Array .map only on elements that fit a .filter

I want to loop through an array and update elements in place. I only want to loop through elements that fit a filter. How would I do this?

naive approach:

arr.forEach(element => {
    if (element.val > 5) {
         element = 9;
    }
});

I expect that with .map and .filter I should be able to do this more efficiently and inline.

No need of filter(), just use Array.prototype.map() like the following:

var arr = [5, 10, 15]
arr = arr.map(element => element > 5? element = 9 : element);
console.log(arr);

Simplify your JavaScript – Use .map(), .reduce(), and .filter(), Just like .map() , .reduce() also runs a callback for each element of an array. replace some of your for loops with .map() , .reduce() , .filter() where it seems to fit​. Simplify your JavaScript – Use .map(), .reduce(), and .filter() What if you have an array, but only want some of the elements in it? .filter() where it seems to fit. I guarantee your

Since the question asks for an "in place" update, this approach updates the existing array:

let arr = [20, 5, 6, 1];
arr.forEach((e, i) => { if (e > 5) arr[i] = 9; })    
console.log(arr)

JavaScript Array Filter: Filtering Array Elements Based on a Test , The filter() method includes only the element in the result array if the element Like other iterative methods of the Array object such as every(), some(), map()  It does exactly what it sounds like: It takes an array, and filters out unwanted elements. Like map, filter is defined on Array.prototype. It's available on any array, and you pass it a callback as its first argument. filter executes that callback on each element of the array, and spits out a new array containing only the elements for which the

If you don't care much about performance and want to have a little fun:

Array.prototype.mutate = function (cb) {
    var updates = {};
    this.forEach(function (element, index) {
        var wrapper = {
            value: function () {
                return element;
            },
            update: function (value) {
                updates[index] = value;
            }
        };
        cb(wrapper, index);
    });
    var self = this;
    Object.keys(updates).forEach(function (index) {
        var value = updates[index];
        self[index] = value;
    });
};

var a = [1, 2, 3, 4, 5, 6, 7, 8, 9, 10];

a.mutate(function (wrapper) {
    if (wrapper.value() % 2 === 0) {
        wrapper.update(wrapper.value() * 2);
    }
});

console.log(a); //[ 1, 4, 3, 8, 5, 12, 7, 16, 9, 20 ]

JavaScript Map, Reduce, and Filter, var new_array = arr.map(function callback(element, index, array) { // Return value for new_array }[, thisArg]). In the callback, only the array  Filter receives the same arguments as map, and works very similarly. The only difference is that the callback needs to return either true or false. If it returns true then the array keeps that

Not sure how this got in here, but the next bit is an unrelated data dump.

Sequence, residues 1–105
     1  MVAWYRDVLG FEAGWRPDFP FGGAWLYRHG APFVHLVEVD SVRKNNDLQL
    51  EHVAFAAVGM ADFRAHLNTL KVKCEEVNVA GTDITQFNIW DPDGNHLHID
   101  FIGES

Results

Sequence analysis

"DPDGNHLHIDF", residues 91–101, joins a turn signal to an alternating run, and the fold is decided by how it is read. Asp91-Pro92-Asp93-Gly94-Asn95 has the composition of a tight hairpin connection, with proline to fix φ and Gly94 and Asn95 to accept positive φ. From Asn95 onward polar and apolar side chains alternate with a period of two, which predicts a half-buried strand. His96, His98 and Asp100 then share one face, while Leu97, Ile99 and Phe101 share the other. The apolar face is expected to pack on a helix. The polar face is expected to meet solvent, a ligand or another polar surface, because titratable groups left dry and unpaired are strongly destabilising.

Array Methods Explained : Filter vs Map vs Reduce vs Foreach, Filter let you provide a callback for every element and returns a filtered array. The main difference between forEach and filter is that forEach just loop over the  filter () calls a provided callback function once for each element in an array, and constructs a new array of all the values for which callback returns a value that coerces to true. callback is invoked only for indexes of the array which have assigned values; it is not invoked for indexes which have been deleted or which have never been

How to Use Map, Filter, & Reduce in JavaScript, filter executes that callback on each element of the array, and spits out a new array containing only the elements for which the callback returned  A new array with each element being the result of the callback function. Description. map calls a provided callback function once for each element in an array, in order, and constructs a new array from the results. callback is invoked only for indexes of the array which have assigned values (including undefined).

How to simplify your codebase with map(), reduce(), and filter() in , Well, this is the only one not about map/reduce/filter, but it's so compact that it was The filter() method creates a new array with all elements that pass the test​  Stop Array.forEach and start using filter, map, some, reduce functions. Array.Filter returns a new array of elements which pass the given test functions. We need to write only odd number

Comments
  • you can filter the array first and then map it - arr.filter(...).map(...)
  • arr.filter(x => x > 5).map(x => 9)... although I'm not sure why you'd want this...
  • and which way do you need it? with a new array or mutate the old array?